In 2020, after deciding to present a virtual festival, we had a goal to reach as many people as we could. We presented a series of 11 live-streamed concerts, created a video series highlighting different communities on Cape Breton Island, and worked with our cultural partners to film informative videos, all of which were offered completely free of charge.

We knew we could count on a large number of our regular attendees to tune in, but we were blown away by the response and the reach our online offerings garnered. The number of new viewers, subscribers, and followers told us we had reached a much broader audience than we could have anticipated. 

Celtic Colours 2021, which featured nine live-streamed concerts and a series of nine pre-recorded performances, was very well-received and kept the spirit of the Festival strong. We are very curious to see the impact these past two years will have when we go back to presenting an in-person event in 2022.

A recorded performance from Celtic Colours in 2020

What tools did you use to create an immersive online festival experience?

Rather than just broadcast performances online, we wanted to ensure people felt connected and had the opportunity to be a part of the experience. To engage with viewers, we created a live, half-hour nightly pre-show. This light and casual show allowed the hosts to chat about upcoming performers, tell stories, interview folks, and ask trivia questions. 

Our streams were made available to watch on our website, YouTube channel, and Facebook Live, and each of those had their own lively chat/comment feature, which gave viewers a chance to interact with each other and with the moderators who shared artist information, answered questions, and kept the party going on behalf of the Festival.

Two people sitting at a desk and smiling at the camera. On the desk are two laptops and two mugs.
Dawn and Margie Beaton hosted the nightly pre-show which kicked off each live-streamed concert during Celtic Colours 2020 and 2021 (photo provided by Celtic Colours International Festival)

How did you handle participatory events during the online festival?

A huge part of Celtic Colours in normal times, in addition to the dozens of concerts presented across the Island, is a series of workshops, participatory events, exhibits, and learning opportunities we call “Community Cultural Experiences.” Offering these types of experiences online can be a bit of a challenge, if not outright impossible.

Top-down perspective photo of two groups of people dancing a ceilidh while musicians play on a stage in the background.
A ceilidh/square dance at a previous, in-person, festival (photo provided by Celtic Colours International Festival)

We felt we could better inform and engage by creating a number of culturally-relevant videos that explored the diverse and unique culture of Cape Breton Island and all the things that Celtic Colours normally highlights and celebrates… the music and the people of this great place in the world!

A series of special presentations was created with some of our community partners that explored aspects of Gaelic culture, such as milling frolics and ceilidhs, demonstrations of instruments like the bagpipes and fiddles, and a presentation showing different styles of step dancing.

Perhaps the most popular feature offered was a Road Trip video series developed for the 2020 edition of the Festival that took viewers on a virtual trip around the Island showcasing the incredible scenery and chatting with residents who shared some of what makes their particular community so special.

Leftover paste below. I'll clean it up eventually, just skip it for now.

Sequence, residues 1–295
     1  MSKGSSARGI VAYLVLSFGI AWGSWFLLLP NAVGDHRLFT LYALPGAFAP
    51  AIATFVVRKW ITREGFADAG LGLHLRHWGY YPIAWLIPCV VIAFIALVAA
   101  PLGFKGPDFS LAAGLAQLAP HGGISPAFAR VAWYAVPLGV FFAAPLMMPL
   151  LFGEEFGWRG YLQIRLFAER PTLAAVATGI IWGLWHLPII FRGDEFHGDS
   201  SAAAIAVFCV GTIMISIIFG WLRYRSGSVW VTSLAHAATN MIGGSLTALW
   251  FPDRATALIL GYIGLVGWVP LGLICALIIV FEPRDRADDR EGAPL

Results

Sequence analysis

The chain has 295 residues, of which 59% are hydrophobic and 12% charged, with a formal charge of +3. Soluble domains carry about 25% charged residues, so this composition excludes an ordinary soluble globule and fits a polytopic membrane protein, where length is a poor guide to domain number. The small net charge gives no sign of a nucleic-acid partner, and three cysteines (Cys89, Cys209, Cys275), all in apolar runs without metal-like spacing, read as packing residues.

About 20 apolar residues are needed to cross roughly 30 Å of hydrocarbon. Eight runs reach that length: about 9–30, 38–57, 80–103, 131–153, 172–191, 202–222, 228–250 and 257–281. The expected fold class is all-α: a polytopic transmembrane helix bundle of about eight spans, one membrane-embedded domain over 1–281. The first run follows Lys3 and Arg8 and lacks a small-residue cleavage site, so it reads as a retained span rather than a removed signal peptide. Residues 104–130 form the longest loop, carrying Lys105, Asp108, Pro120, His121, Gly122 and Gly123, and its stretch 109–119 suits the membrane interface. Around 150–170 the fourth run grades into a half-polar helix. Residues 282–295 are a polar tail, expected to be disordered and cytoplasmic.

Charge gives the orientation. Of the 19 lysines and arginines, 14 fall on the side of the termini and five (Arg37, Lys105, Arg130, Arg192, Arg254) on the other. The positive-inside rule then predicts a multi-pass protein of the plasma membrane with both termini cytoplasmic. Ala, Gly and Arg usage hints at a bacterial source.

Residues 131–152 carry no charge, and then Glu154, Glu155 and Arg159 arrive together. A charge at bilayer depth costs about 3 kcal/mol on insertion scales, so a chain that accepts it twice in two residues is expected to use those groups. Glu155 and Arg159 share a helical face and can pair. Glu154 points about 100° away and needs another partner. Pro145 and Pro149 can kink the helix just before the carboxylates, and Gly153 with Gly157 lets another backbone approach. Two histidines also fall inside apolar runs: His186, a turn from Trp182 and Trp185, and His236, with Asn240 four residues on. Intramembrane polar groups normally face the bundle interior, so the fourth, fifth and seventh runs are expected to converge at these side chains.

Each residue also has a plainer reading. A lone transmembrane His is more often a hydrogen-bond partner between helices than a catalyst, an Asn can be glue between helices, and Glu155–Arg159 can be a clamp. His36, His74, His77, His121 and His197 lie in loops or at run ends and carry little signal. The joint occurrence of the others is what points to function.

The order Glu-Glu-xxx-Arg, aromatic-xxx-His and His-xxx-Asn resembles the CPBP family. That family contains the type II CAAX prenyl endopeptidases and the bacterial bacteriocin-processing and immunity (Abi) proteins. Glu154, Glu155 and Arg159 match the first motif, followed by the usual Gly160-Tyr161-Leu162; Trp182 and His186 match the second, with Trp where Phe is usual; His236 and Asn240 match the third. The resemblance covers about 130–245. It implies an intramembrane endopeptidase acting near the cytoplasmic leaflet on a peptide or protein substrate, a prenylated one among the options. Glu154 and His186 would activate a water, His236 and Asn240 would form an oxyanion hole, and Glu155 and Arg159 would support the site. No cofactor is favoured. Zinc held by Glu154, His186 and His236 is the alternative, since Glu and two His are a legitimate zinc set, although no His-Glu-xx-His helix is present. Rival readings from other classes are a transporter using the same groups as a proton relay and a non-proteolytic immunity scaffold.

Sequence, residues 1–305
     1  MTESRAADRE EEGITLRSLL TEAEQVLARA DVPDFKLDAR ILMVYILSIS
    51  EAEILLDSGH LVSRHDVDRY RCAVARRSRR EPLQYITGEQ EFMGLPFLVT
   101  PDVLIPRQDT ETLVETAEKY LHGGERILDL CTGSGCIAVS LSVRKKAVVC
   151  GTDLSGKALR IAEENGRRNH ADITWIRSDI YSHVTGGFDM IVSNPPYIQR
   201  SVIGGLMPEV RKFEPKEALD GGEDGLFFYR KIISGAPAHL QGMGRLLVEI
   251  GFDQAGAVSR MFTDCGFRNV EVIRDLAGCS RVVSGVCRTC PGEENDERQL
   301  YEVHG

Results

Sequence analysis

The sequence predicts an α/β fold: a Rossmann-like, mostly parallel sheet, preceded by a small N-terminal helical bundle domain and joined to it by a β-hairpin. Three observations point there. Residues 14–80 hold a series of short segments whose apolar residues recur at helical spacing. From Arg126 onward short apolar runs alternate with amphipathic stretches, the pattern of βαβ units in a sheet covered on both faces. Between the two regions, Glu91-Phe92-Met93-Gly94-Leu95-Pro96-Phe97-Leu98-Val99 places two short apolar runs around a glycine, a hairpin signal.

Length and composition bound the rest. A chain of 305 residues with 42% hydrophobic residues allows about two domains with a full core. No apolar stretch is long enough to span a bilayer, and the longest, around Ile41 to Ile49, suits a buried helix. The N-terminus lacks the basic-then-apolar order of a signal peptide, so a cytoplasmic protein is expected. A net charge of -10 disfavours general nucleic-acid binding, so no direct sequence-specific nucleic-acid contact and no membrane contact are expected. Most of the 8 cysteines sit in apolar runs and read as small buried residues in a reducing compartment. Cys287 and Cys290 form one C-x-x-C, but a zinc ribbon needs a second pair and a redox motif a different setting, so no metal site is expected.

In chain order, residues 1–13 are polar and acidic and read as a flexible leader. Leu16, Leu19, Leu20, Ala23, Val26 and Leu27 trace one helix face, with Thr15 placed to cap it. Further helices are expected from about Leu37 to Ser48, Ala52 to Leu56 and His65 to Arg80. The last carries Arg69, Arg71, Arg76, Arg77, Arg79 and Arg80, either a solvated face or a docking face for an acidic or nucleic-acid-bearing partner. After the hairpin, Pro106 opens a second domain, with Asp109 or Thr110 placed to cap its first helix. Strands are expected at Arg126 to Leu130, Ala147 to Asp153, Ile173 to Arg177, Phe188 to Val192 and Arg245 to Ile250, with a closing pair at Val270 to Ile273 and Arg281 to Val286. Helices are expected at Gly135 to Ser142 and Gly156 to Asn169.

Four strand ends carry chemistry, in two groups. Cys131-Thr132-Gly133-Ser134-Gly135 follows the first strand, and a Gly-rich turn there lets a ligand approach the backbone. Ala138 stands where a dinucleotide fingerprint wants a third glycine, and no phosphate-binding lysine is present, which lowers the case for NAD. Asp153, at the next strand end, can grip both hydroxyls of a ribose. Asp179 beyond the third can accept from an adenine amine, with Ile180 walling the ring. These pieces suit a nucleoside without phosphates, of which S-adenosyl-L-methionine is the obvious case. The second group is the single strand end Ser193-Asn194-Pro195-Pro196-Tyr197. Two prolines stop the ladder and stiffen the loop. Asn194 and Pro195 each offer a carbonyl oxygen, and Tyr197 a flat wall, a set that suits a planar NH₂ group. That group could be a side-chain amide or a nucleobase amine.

I noticed you’re also using an Instagram-only embed widget on the homepage. Could you perhaps explain the different functions the #CelticColours25 social wall and the Instagram widget fulfil for you and what they each help you achieve?

As a decentralized Festival, travelling around the Island to attend concerts and events is part of the experience. The Instagram widget used on our site is highly curated to showcase the spectacular fall scenery found here on Cape Breton during the Festival. 

The social wall was very targeted to be a place to share photos, memories, and best wishes as we celebrate the 25th year.

Screenshot of the bottom of the Celtic Colours website showing a curated collection of photos from their Instagram account.
The Instagram widget at the bottom of the Celtic Colours website presents a highly curated view of the island and festival, while the social wall is a colourful combination of everyone else’s posts.

Our takeaways from Celtic Colours International Festival

Social walls allow people to take part in something regardless of location, and the Celtic Colours International Festival shows how true that is. Celtic Colours reached a much wider audience in 2020 and 2021 when the festival happened online. Now, of course, an online festival can never be quite the same as an in-person one. But especially where travel is involved, a virtual festival can be a great way to see how you like something before committing to an international trip. And some of those people who first tuned into Celtic Colours in 2020 or 2021 might very well come to the festival once it can happen in person again.

Similarly, offering some form of direct posting also widens the target group, including those who don’t have social media accounts or don’t feel comfortable opening up their privacy settings to post publicly with a hashtag to a social wall.

Screenshot of a direct post on the social wall by Jim Scarff. The message includes text as well as a photo of some moose.
A post on the Celtic Colours social wall by Jim Scarff. The message was initially shared via direct submission and then uploaded to the social wall by Jason and his team.

Celtic Colours provided people with various ways of sharing outside of social media accounts: via email and even by leaving a voice message on a phone number. Jason said that the option was well-received and that they ended up getting most of their contributions that way. Just imagine how much content they would have missed out on if they had limited posting to social media only!